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Title: PUBLIC PARTICIPATION IN ENVIRONMENTAL DECISION-MAKING: WITH SPECIFIC REFERENCE TO AKAKI-MODJO INVESTMENT ZONE
Authors: Solomon, Andargie
Advisors: Dr. Hameed Sulaiman
Copyright: Jun-2007
Date Added: 15-Dec-2008
Publisher: Addis Ababa University
Abstract: In Ethiopia, development projects once been localized to the suburbs of bigger towns, are currently expanding rapidly following energy access and communication infrastructures. In East shoa zone between the towns of Akaki and Modjo, several clusters of development projects are formed following the highway between the two towns. Some of the clusters are located amidst the farming community. Uncomfortable environmental consequences become a possibility, as they have been elsewhere, if there is no a sound planning and management of the environment and wise use of resources. Protection and management of the environment is not the responsibility of the government alone; rather it is a concerted act involving all those concerned and that have a stake in the environment. In this study therefore I assessed public participation in environmental decision-making processes at the local level as part of a concerted effort to promote substantive communication and improve understanding on all sides, i.e, the local public, proponents of projects, and local government authorities. The main purpose of the study is to identify the powerful, anti-participatory factors as well as the potential methods of communication in the community so as to finally suggest possible strategies and/or methods of effective public participation in the environmental decision-making. Formal survey using interviews with 60 household heads and community elders, and 2‘Kebele’ representatives were undertaken. Responses of personnel from 10 selected industries and 6 relevant environmental authorities were collected using fill out questionnaire. The outcome of the study indicates the presence of a largely constrained participation in which the role of the public is restricted as information recipient only. Lack of knowledge of the public for the formal and non-formal tools of participation coupled with inability to organize themselves properly, on the one hand, and absence of detailed and program specific legislations together with limited capacity of the environmental authorities and the proponents, on the other hand, have contributed a great deal to the flaws of the environmental decision-making process. Lack of appropriate information source in the field of the environment is also among the major obstacles for effective participation. Accessing information through Kebele associations in tandem with face to face discussion of issues are suggested by the public as a strategy of effective public participation in environmental decision-making, while the environmental authorities and the proponents require, among others, building the capacity of all stakeholders and availability of information in various formats.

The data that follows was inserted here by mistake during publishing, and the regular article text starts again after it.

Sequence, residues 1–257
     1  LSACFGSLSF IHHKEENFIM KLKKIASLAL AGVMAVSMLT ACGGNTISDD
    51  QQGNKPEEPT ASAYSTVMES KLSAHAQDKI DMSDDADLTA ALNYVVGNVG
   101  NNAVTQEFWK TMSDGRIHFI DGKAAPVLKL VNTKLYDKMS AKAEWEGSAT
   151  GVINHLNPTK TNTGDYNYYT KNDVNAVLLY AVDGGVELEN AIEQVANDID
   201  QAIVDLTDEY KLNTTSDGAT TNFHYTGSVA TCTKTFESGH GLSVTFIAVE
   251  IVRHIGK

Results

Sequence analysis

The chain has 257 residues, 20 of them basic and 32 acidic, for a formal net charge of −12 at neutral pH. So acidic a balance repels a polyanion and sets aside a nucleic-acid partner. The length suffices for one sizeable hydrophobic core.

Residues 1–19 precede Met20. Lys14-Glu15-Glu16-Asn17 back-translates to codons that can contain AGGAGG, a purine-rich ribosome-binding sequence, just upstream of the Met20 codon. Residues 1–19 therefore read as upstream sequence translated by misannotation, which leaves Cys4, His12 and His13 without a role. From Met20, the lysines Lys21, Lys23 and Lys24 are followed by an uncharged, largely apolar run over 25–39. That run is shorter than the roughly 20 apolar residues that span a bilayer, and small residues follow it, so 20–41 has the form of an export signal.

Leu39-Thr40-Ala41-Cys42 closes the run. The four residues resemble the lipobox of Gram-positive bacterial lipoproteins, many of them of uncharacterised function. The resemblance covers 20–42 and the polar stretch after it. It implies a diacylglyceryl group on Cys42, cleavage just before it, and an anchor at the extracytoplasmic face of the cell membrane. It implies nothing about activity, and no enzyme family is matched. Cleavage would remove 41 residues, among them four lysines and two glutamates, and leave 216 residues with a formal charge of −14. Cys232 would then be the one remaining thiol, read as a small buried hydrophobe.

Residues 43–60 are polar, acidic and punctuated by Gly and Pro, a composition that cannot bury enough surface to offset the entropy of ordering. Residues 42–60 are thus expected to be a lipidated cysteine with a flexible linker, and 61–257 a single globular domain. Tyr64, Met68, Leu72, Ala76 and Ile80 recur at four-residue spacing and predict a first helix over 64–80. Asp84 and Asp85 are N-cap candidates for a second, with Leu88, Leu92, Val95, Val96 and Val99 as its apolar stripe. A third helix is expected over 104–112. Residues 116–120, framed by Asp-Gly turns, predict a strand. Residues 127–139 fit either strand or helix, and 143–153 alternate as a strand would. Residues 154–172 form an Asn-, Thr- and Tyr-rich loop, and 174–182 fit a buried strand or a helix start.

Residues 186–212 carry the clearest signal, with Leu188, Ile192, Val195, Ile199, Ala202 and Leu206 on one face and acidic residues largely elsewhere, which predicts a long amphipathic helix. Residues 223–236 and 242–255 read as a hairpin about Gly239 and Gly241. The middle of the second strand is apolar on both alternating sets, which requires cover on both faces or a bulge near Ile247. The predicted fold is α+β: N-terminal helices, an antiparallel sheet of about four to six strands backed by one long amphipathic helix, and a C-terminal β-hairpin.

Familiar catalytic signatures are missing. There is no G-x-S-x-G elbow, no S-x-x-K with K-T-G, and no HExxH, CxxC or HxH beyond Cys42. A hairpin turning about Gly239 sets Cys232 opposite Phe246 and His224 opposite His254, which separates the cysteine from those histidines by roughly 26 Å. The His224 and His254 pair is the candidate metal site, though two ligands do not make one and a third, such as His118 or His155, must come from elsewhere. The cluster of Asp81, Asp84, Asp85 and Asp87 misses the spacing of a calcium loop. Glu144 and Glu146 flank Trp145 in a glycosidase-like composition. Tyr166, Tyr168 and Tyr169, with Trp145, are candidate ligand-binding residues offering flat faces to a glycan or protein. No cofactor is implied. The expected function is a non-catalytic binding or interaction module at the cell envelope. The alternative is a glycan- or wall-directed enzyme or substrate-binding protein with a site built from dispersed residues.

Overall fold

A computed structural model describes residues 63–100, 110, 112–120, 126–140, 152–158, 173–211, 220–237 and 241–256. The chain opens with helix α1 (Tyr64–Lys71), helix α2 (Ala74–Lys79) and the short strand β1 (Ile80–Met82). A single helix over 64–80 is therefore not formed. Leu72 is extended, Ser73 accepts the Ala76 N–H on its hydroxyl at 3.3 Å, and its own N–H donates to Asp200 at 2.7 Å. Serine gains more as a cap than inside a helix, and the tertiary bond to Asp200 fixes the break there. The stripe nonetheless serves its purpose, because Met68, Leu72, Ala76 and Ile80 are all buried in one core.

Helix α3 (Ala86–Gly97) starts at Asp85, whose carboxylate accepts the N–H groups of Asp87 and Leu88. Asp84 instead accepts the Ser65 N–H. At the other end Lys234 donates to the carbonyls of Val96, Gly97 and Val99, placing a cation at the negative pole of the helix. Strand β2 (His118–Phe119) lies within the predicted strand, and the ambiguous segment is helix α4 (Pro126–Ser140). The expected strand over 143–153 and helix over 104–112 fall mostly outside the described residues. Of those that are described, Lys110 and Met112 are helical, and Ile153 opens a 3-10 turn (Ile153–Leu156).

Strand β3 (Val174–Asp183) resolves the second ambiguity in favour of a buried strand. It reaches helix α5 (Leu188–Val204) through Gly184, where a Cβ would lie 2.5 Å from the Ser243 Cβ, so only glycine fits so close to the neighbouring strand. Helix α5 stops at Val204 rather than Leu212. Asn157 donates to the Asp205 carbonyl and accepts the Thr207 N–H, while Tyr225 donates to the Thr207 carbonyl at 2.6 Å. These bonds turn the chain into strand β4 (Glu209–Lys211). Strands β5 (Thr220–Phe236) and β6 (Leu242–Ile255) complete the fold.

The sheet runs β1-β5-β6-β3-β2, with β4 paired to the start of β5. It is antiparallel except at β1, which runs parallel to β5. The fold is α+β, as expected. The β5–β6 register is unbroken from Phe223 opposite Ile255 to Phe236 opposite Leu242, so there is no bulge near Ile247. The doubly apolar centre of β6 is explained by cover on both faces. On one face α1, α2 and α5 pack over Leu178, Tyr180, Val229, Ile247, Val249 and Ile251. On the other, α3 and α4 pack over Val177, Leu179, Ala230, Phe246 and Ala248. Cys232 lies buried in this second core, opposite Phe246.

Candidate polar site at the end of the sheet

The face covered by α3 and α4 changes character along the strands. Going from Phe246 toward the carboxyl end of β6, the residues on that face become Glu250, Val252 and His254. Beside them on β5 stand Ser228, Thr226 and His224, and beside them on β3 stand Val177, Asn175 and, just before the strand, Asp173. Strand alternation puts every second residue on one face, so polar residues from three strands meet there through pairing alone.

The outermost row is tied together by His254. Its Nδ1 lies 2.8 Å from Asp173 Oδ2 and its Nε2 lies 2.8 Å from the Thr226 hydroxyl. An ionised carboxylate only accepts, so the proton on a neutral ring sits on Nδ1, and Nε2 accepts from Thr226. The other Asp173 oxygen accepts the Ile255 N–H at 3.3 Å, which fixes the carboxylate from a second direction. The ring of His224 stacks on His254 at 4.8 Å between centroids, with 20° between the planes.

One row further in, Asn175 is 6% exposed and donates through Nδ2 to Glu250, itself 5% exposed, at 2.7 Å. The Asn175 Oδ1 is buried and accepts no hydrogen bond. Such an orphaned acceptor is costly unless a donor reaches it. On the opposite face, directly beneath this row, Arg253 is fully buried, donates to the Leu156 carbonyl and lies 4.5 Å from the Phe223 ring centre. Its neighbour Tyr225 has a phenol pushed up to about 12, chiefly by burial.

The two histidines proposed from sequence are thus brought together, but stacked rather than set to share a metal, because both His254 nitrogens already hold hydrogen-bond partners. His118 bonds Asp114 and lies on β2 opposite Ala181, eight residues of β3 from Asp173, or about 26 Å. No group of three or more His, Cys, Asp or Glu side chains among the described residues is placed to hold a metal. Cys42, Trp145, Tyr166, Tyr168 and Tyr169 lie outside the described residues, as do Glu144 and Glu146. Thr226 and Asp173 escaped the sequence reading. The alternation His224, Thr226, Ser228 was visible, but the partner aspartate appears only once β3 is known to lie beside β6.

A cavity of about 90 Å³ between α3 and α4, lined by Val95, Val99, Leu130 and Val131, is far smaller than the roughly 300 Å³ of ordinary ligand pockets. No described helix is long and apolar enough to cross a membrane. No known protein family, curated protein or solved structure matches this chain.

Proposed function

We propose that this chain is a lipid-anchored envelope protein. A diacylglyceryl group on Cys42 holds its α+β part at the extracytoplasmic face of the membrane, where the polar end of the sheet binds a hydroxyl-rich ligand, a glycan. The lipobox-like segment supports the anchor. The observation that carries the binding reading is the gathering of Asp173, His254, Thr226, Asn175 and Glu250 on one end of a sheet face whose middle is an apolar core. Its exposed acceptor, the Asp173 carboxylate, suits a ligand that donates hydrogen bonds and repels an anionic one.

Description: A Thesis Submitted to the School of Graduate Studies, Addis Ababa University In Partial Fulfillment of the Masters Degree in Environmental Science
URI: http://hdl.handle.net/123456789/1728
Appears in:Thesis - Earth Sciences
Thesis - Earth Sciences

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